Lately, I’ve had this thought, a thought about people and accomplishments and success and leadership and what does it all even mean. What does it mean to be successful?
Graduating college has been, for lack of a better word, traumatic so far. Traumatic, in the sense that, I have no idea what to do yet. It’s not that I don’t have options or opportunities. I’m turning down job after job , simply because they’ve thus far all lacked significant meaning to me. School is enticing, because it’s safe, but safety is hardly ever the answer.
In college, I was involved. In high school, I was involved. I always earned top grades, studied hard, worked. More so, I was surrounded by like minded-people, or so I thought. Which brings me to my main point, my thought.
It’s incredible how mediocre people will be when not presented with any reason to be otherwise.
I have friends who were always involved. Who were supposedly active and passionate about a cause just last year. But now, they’re on their way to law school or some job at a bank. They have the acceptance letter; there’s not need to contribute anymore. They’ll get a fancy, important sounding job and feel important. Good for them. So is that it?
I suppose I could make it easy. I could just go back to some fancy program. Get a basic job. Make some money and work my way up. But I thought this was about something more- isn’t that what we all thought? Well, apparently not. Now, apparently, I’m the crazy one.
“And we choose to do these things not because they are easy, but because they are hard.”- JFK
But it’s o.k., because I’m o.k. with being crazy. Crazy people think, and they feel.
Today, I found this speech by Willian Deresiewicz, delivered in 2009 at West Point. It’s all about solitude and leadership and making a real difference in the world. About not being afraid to trust yourself. It’s a beautiful speech, albeit long, but absolutely worth the read. I personally could not have discovered it at a more perfect time.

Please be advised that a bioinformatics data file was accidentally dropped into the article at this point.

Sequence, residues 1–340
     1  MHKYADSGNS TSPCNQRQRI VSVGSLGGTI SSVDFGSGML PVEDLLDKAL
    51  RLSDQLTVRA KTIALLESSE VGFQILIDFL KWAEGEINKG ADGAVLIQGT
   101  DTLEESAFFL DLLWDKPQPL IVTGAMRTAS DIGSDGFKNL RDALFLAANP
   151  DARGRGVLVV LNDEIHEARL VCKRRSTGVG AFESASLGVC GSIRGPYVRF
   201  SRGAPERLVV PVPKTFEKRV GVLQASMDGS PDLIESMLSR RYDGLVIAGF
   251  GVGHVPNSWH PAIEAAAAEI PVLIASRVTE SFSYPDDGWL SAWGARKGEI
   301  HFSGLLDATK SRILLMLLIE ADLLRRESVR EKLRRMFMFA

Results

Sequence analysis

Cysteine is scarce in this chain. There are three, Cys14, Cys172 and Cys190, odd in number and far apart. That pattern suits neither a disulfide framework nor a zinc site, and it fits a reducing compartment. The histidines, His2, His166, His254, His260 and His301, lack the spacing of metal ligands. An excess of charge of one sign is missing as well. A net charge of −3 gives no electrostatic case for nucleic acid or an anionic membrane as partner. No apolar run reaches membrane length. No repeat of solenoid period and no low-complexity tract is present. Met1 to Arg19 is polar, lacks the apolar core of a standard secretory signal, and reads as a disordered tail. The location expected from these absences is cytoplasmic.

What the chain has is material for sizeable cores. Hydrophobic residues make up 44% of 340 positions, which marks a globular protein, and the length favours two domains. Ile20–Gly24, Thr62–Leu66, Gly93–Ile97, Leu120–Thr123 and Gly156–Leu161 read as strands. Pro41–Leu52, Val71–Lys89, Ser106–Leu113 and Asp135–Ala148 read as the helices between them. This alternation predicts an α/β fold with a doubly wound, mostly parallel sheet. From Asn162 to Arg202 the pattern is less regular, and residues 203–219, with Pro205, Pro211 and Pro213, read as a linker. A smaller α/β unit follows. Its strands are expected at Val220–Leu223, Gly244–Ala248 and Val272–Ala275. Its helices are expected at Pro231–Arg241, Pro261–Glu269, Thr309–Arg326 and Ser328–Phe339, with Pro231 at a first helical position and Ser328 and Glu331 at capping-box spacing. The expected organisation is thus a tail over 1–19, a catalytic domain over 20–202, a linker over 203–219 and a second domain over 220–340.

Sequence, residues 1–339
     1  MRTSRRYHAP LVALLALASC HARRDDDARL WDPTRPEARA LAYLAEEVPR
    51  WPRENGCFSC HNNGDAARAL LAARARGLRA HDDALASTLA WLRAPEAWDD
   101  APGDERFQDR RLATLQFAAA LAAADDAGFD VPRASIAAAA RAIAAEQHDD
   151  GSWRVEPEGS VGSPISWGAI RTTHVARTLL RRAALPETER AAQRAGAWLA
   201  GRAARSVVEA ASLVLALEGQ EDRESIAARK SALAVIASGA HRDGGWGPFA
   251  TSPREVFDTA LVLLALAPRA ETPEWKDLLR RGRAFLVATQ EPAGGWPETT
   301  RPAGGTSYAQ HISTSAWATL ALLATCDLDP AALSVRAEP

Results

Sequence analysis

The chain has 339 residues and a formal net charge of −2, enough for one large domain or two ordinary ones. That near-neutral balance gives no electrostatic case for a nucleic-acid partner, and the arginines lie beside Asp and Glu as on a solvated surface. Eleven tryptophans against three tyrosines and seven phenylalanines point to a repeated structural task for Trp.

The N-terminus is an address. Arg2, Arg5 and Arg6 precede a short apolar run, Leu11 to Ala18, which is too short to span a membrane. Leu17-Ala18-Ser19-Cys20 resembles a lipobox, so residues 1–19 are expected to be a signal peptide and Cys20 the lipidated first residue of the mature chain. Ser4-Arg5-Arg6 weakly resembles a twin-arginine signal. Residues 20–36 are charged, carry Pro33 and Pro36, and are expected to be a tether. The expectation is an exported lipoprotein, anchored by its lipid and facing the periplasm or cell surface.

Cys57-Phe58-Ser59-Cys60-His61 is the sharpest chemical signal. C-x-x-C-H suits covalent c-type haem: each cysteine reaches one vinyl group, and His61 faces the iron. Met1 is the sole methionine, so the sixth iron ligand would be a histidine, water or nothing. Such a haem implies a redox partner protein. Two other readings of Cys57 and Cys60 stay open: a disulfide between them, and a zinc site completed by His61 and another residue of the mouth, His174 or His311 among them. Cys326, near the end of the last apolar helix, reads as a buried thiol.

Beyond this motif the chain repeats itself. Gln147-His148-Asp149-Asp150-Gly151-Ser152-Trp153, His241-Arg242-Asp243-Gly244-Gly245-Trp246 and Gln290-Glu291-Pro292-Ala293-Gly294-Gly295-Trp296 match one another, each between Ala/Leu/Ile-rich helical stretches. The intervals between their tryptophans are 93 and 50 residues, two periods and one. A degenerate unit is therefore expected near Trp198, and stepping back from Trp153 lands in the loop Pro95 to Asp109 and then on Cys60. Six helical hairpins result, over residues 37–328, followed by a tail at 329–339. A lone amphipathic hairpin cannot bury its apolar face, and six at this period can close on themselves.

I’m posting it here, because I think that everyone should read it, and think about it. Contemplate it.
Really, anyone can follow rules. Anyone can pass a test. Seriously, anyone. Over and over again growing up, I was told “you can do anything that you set your mind to,” and I wholeheartedly believe it. But what exactly are we setting our minds to? Exactly.
Can you set your mind to do something meaningful? Something incredible? Something beyond mere absorption and spitting out of information? Beyond meeting deadlines and not questioning your superiors? Beyond making it to this magical “top?”
The question is no longer, can we do it or how will we do it, but what will we do and why?
I haven’t answered that question yet. But I do know, at least, that I will not settle for something meaningless. My mind is set.
Doing what you care about is terrifying. Thinking, feeling passion is terrifying. Solitude is terrifying.
But at the end of the day, all of these actions, these behaviors are far, far less terrifying than at least one thing. The alternative.